The Civil Procedure Rules are set up to encourage formal offers of settlement. But what if the deal is proposed by a counterclaiming defendant?
The courts encourage parties to litigation to attempt to resolve their claims. For this purpose, there is a system in place (known as Part 36) within the Civil Procedure Rules for formal offers to be made. If an offer is made and the party receiving it rejects it but does worse at trial than he would have if he had accepted the offer, the consequences can be drastic in terms of interest and costs awarded. The impact of these provisions was made clear in the recent Court of Appeal case of F&C Investments vs Barthelemy. This
was not a construction case but the facts have some parallels with situations commonly encountered in construction litigation.
The parties had substantial claims against each other and, in this instance, it was the counterclaiming defendants who made an offer to settle the proceedings by a payment in their favour.
The defendants considered that a quirk in the rules meant that a counterclaiming defendant could not make a Part 36 offer. Their concern was that if the offer was accepted, then another set of automatic consequences under Part 36 would apply, entitling the claimant to the costs of proceedings up to the date they accepted the offer, even though the claimant would be the net payer.
The defendants’ offer was therefore made on the more informal basis that it was “without prejudice save as to costs”. This was so as to enable them to take advantage of the court’s general discretion as to the awarding of costs after trial, but not specifically under Part 36.
AF vs BG held that a defendant can be treated like a claimant in respect of its counterclaim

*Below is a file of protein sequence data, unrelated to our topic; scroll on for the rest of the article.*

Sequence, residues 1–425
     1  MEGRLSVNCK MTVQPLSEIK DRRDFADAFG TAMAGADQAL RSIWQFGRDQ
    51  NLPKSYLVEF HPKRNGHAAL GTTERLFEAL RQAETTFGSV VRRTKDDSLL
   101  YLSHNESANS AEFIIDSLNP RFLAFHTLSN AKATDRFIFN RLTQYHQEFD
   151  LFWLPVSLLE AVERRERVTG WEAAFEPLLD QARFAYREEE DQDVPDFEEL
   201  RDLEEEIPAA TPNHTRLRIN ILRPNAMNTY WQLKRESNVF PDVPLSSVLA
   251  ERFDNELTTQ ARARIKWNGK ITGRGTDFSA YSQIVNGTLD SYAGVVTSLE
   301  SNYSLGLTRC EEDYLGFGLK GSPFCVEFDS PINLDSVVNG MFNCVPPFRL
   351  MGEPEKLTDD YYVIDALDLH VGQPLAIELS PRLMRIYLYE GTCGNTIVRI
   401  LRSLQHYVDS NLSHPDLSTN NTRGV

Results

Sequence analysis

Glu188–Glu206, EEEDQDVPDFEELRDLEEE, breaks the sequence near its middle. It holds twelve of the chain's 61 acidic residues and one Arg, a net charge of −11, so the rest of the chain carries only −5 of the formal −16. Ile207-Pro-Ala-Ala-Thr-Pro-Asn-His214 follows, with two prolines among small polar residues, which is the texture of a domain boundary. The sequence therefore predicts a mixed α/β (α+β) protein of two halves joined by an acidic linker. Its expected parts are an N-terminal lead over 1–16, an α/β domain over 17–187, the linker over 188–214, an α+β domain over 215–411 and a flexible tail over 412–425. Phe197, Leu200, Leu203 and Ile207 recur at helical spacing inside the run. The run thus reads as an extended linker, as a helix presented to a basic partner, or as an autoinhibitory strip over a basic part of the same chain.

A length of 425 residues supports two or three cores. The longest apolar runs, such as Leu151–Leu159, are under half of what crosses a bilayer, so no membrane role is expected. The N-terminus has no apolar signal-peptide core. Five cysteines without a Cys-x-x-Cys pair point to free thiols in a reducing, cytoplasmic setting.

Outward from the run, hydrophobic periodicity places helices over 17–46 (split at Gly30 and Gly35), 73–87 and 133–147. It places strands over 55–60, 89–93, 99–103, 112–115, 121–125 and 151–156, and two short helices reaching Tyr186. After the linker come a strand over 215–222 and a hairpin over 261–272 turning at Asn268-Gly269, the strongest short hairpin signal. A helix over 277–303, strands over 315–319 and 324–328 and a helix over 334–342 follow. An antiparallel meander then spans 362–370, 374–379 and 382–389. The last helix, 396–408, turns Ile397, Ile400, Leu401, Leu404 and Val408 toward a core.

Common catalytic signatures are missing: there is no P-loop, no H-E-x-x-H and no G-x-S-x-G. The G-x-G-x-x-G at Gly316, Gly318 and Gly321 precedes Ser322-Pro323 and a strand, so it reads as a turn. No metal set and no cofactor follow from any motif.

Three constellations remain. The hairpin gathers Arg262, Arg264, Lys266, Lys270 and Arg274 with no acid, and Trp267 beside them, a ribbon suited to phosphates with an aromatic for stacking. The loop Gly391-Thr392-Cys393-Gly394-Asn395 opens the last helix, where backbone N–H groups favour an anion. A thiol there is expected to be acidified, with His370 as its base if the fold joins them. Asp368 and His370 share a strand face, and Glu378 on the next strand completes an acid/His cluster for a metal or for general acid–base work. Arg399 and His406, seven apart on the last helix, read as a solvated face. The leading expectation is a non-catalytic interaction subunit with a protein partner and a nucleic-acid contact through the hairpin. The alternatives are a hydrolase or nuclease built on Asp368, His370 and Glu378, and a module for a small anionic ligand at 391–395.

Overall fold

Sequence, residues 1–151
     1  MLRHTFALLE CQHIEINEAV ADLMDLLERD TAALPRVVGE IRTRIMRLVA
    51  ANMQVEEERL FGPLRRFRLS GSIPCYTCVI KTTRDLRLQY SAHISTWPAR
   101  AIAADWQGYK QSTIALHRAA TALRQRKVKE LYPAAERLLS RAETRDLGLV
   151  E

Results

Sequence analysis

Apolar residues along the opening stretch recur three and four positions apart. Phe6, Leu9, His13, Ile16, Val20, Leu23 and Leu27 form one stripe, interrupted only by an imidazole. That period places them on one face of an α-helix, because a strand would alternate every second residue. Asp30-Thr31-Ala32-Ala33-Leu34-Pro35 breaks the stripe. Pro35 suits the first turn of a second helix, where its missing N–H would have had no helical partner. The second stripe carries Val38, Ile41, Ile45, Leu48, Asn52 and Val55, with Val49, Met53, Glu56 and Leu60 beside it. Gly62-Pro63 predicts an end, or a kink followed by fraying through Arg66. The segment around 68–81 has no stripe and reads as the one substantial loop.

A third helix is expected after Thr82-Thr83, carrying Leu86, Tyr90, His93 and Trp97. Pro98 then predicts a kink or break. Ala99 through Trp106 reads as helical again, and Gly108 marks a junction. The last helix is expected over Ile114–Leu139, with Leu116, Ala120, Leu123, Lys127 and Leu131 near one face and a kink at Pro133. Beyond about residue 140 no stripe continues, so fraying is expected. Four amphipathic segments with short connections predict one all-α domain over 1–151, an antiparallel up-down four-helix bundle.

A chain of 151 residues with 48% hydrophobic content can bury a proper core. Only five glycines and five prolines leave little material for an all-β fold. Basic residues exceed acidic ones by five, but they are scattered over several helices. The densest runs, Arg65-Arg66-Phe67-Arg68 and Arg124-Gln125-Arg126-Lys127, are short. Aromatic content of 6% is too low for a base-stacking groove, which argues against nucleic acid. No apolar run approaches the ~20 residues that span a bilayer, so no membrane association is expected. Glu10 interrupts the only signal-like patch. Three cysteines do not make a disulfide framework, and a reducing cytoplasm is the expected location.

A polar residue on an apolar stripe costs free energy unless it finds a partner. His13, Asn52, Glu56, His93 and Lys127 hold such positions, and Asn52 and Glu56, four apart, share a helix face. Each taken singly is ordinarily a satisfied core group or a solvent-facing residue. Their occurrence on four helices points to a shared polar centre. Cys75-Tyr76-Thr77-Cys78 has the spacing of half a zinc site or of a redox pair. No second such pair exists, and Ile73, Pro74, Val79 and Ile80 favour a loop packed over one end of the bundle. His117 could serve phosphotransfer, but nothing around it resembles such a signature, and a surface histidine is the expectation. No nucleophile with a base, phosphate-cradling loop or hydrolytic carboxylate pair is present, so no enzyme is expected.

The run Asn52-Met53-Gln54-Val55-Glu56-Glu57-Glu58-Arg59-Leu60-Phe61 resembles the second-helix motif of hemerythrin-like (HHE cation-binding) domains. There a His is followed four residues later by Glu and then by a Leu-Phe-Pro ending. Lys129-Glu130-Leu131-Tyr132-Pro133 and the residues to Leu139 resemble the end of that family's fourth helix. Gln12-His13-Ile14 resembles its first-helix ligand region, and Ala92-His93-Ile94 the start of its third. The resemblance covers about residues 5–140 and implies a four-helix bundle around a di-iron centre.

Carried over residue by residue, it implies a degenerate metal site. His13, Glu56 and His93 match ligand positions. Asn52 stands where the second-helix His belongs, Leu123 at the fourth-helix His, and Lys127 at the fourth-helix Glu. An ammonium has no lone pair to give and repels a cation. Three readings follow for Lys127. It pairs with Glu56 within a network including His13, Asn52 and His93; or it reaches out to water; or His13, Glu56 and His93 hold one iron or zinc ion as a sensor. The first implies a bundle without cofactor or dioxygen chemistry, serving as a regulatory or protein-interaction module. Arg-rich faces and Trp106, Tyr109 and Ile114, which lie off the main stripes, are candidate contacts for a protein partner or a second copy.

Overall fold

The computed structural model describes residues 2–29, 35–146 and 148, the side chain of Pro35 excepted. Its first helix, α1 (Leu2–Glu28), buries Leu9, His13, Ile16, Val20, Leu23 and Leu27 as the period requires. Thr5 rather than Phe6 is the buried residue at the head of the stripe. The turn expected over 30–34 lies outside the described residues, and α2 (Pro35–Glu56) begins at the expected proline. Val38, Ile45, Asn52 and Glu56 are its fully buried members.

At the trial the defendants did better than their offer. They argued that the usual consequences of failing to accept a claimant’s Part 36 offer should apply. These provide that where a claimant’s offer is not accepted but they do at least as well at trial, the claimant will usually recover interest on both the sum awarded and costs at up to 10% above base rate, together with costs on the indemnity basis. The indemnity basis is a more favourable way of assessing costs than the standard basis. If there is a doubt about the reasonableness of an item of costs, it is resolved in favour of the receiving party, whereas on the standard basis the paying party has the benefit of the doubt and only proportionate costs are allowed.
The Court of Appeal held that unless an offer was made strictly in accordance with Part 36, the court should not apply the usual costs consequences by analogy. The trial judge had awarded indemnity costs and enhanced interest on the basis that the defendants had a good reason not to make the offer under Part 36 and so the court could apply the Part 36 costs consequences by analogy. The Court of Appeal said that this was wrong in the absence of unreasonable conduct by the claimant. Where the defendant had not complied with Part 36, the award should be standard, not indemnity, costs. Interest was awarded at the lower basis of 3% above base rate.
This situation may arise in the case of, say, an architect’s fee claim that is met with a substantial counterclaim for defects. Does the decision mean that a defendant in this position can never make a valid Part 36 offer and hence obtain the favourable costs consequences?
Fortunately there does appear to be some relief for a defendant in this situation by reference to the case of AF vs BG in 2009, which does not appear to have been cited to the court in F&C Investments vs Barthelemy. The AF vs BG case held that a defendant can be treated like a claimant in respect of its counterclaim. It follows that it should be able to make a Part 36 offer and obtain the favourable costs consequences if the offer is accepted.
Of course if it is not accepted, and at trial the defendant does better than their offer, they should also benefit from the more generous consequences which apply in the circumstances. So, it is important for a counterclaiming defendant to comply with Part 36 where they can if they decide to make a settlement offer for costs protection and, if necessary, to cite the AF vs BG case as authority for this.
Ann Levin is a partner and Michael Mendelblat a professional support lawyer at Herbert Smith